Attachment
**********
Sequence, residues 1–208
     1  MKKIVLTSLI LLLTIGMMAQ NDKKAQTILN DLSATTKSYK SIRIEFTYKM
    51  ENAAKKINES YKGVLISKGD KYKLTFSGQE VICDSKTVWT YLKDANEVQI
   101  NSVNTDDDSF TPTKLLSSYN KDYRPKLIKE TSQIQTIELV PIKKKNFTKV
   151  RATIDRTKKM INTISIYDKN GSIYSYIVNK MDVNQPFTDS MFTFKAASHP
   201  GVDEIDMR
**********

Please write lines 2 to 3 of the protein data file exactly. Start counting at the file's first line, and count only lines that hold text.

     1  MKKIVLTSLI LLLTIGMMAQ NDKKAQTILN DLSATTKSYK SIRIEFTYKM
    51  ENAAKKINES YKGVLISKGD KYKLTFSGQE VICDSKTVWT YLKDANEVQI